Sunday marked the two year anniversary of my moving to Australia. In that time I think I’ve adapted fairly well. When I went back home in July some friends seemed a bit surprised that I don’t sound any more Australian now than I did before I left Canada. I’m not surprised as I think as an adult I’ve kind of passed the stage of picking up a new accent.
However, I have picked up a fair bit of Australian lingo that I find myself using relatively regularly. “Reckon” is a big one I use a lot. Calling “Grade 8″ by it’s Aussie moniker “Year 8″ is another one I’m pretty comfortable with now too. I also find myself shortening words and phrases: a traditional Australian pastime. Australians are the absolute masters of looking at a two syllable word and condensing it to one. Why waste the breath?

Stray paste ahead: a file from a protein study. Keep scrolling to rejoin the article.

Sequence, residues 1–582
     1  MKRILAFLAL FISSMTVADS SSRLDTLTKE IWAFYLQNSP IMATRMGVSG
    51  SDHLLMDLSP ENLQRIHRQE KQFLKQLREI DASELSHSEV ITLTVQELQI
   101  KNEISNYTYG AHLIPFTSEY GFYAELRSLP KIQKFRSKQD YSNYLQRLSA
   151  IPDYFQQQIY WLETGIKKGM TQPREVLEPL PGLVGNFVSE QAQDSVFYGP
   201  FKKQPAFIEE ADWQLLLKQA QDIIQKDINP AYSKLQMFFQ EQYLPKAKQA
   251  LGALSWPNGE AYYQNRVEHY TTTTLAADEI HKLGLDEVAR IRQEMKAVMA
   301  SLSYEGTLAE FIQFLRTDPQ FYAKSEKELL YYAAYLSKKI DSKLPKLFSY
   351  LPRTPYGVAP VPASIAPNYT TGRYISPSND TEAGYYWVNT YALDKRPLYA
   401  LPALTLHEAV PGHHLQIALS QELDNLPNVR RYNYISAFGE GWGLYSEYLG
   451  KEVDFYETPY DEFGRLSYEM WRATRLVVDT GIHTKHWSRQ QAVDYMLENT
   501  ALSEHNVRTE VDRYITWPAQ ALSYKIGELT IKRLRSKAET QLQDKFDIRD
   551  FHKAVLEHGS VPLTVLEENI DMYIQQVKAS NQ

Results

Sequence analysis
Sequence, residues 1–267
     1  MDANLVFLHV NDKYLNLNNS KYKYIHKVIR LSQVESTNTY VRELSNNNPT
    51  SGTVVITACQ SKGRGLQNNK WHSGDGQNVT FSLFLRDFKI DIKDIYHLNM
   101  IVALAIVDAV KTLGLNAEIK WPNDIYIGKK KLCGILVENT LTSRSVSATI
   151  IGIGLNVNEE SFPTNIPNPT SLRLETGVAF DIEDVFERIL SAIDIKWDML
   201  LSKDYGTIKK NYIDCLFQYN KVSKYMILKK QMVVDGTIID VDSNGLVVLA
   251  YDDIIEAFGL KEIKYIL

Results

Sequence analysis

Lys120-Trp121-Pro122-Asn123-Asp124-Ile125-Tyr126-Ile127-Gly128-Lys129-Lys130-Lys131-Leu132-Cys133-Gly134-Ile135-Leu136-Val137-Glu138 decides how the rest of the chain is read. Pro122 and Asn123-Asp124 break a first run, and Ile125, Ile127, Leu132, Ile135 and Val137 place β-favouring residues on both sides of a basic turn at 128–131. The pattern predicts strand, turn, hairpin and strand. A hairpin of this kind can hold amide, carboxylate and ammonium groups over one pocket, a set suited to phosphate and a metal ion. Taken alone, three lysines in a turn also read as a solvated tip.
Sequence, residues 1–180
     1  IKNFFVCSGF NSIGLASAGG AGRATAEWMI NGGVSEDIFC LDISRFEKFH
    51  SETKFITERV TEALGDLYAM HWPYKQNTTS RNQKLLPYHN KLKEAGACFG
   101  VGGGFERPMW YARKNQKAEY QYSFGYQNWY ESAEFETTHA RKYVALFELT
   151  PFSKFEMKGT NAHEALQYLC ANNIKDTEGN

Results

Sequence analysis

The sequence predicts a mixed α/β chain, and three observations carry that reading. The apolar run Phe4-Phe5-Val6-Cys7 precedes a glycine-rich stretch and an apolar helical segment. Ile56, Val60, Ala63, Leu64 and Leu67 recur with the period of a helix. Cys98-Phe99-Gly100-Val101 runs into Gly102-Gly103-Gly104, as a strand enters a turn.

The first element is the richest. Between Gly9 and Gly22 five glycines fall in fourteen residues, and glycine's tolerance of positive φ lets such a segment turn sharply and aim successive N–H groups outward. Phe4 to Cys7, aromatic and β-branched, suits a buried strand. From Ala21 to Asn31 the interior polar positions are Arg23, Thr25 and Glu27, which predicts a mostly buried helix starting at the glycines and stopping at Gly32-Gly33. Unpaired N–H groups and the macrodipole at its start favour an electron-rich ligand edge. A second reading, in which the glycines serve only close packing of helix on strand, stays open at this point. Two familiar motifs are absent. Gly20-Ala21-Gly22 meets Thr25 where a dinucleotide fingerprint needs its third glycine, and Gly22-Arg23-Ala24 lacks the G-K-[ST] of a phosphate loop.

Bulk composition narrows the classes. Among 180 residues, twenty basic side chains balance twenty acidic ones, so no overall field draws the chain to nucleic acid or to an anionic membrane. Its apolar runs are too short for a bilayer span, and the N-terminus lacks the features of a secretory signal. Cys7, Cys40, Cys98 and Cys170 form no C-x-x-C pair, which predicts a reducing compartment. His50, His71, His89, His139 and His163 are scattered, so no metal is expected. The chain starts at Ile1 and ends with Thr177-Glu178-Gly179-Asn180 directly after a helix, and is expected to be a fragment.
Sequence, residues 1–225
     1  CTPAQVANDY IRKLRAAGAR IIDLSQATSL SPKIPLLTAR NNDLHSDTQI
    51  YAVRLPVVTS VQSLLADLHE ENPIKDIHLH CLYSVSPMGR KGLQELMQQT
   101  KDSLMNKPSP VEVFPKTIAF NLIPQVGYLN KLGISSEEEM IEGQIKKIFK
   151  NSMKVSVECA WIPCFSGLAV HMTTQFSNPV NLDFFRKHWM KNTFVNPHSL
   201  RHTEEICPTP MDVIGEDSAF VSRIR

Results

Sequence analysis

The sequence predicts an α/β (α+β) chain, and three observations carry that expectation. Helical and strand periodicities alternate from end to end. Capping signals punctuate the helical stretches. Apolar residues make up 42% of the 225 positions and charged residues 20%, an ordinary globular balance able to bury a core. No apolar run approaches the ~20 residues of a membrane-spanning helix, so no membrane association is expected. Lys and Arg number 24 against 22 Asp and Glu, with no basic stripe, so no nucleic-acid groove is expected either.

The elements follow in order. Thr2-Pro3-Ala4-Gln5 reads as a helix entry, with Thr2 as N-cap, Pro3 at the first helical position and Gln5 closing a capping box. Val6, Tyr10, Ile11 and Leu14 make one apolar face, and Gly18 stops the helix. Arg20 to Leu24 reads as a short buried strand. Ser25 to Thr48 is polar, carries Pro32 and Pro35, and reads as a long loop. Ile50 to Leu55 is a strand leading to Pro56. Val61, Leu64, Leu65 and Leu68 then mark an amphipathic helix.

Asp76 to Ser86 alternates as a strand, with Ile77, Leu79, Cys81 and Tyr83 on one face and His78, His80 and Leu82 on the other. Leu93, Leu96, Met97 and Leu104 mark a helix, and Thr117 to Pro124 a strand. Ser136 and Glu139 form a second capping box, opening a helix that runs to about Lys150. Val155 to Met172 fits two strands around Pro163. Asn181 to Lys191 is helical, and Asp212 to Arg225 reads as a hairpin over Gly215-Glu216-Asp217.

But every now and then the Australian lingo I’ve picked up and my complete lack of an Australian accent come together it what can best be described as a Linguistic Train Wreck. Recently I used the term “mate” (as in “Sounds good, mate.”) with a friend and it was later pointed out to me that it sounded really bizarre. The “mate” came out of my North American mouth sounding exactly as it looks to a Canadian or an American. Australians, of course, pronounce it a bit more like this. It’s not quite “mite” but it’s not quite “mate” either. It’s kind of “miiiaaggghhhht.” Or something.
So now I’m a bit paranoid and self-conscious about the whole situation. Here I am, two years later, thinking I’m fitting in with my vast knowledge of Australian colloquialisms but really I’m just entertaining the Aussies with my foolish accent. I don’t lose any sleep over it though. I know which nation pronounces “mate” correctly.